Daryl

"a gun without hammers is like a spaniel without ears" King George V

Offline OldMtnMan

  • Hero Member
  • *****
  • Posts: 2648
  • Colorado
    • Verified Ladies  Prime Сasual Dating
Re: Daisy cut patches- cost effective or not ?
« Reply #37 on: December 24, 2016, 10:29:53 PM »
I still don't use them and cut at the muzzle. Even if it isn't the best method available.

For perfectly centered patches, I know of no better way.    ;)

Cheers,
Smoketown

True, but perfectly centered and bunched may be worse than not quite centered, but not bunched. I'd have to do a bunch of testing I don't feel like doing to know for sure. I'll just cut at the muzzle and remain in blissful ignorance. It's easier.

Smoketown

  • Guest
Re: Daisy cut patches- cost effective or not ?
« Reply #38 on: December 25, 2016, 04:26:19 AM »
I still don't use them and cut at the muzzle. Even if it isn't the best method available.

For perfectly centered patches, I know of no better way.    ;)

Cheers,
Smoketown

True, but perfectly centered and bunched may be worse than not quite centered, but not bunched. I'd have to do a bunch of testing I don't feel like doing to know for sure. I'll just cut at the muzzle and remain in blissful ignorance. It's easier.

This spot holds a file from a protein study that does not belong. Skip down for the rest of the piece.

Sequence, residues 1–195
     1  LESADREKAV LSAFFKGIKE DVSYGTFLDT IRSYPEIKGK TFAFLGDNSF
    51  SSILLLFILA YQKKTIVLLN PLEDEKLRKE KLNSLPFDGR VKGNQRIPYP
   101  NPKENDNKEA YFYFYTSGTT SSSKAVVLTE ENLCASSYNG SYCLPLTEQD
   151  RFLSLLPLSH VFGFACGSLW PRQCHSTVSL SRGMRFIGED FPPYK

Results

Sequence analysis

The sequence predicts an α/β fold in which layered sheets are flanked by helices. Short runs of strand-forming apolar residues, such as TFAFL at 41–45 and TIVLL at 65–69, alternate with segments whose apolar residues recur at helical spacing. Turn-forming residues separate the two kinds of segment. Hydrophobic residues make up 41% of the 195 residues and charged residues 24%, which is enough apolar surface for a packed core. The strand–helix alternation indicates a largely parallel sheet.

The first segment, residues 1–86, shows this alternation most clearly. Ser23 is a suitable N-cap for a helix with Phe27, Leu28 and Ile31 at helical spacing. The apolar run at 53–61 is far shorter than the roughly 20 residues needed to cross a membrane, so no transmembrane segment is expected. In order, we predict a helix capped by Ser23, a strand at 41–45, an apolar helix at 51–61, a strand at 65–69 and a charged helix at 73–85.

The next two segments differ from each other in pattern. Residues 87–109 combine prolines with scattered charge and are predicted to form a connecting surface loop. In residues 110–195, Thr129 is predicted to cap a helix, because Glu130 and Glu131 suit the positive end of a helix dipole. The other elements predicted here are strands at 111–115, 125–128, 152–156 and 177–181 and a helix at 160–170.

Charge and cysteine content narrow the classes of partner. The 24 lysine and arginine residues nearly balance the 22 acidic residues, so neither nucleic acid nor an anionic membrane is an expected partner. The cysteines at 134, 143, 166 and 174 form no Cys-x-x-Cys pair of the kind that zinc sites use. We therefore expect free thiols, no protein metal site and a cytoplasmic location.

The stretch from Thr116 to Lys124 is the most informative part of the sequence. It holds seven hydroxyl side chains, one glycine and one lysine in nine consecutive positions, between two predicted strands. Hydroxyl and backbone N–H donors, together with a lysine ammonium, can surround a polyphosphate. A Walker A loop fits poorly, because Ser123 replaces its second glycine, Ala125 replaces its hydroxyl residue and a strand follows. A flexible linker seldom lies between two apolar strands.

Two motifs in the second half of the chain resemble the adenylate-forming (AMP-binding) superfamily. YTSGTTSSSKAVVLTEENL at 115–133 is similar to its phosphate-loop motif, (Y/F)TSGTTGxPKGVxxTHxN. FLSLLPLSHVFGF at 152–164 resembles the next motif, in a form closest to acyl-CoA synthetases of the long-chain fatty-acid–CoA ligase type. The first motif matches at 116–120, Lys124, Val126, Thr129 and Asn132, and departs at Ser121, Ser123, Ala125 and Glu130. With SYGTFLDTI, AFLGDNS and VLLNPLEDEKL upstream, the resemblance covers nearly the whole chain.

Sorry, if the patch is not centered it WILL be bunched or wadded - on the long side.
The extra material has to go somewhere.

Then again, I have also seen shooters win woods walks shooting square cut denim patches in their 50's that would easily work for a 58 or 62 caliber round ball.   :o

Cheers,
Smoketown


Offline Bluesmoke

  • Starting Member
  • *
  • Posts: 36
Re: Daisy cut patches- cost effective or not ?
« Reply #39 on: December 25, 2016, 05:57:05 AM »
Thanks everyone for your feedback.

My mates and I are experienced muzzle loader shooters (patched round ball ) in that we are experienced in club shoots (paper targets) and rendezvous ( steel targets ).

We do not hunt all all ,so that does not come into our equation.

In our past, have shot all types of patches- denim,ticking,cloth and store bought patches. When we come back in the new year the intention is once again to get all the different patch types we have shot and do a  genuine test of all these types and record them.

Naturally we will post our findings.

Thanks for your responses
happy Christmas and New years to your ,my friends

Bluesmoke

Offline EC121

  • Hero Member
  • *****
  • Posts: 1559
Re: Daisy cut patches- cost effective or not ?
« Reply #40 on: December 25, 2016, 06:31:24 AM »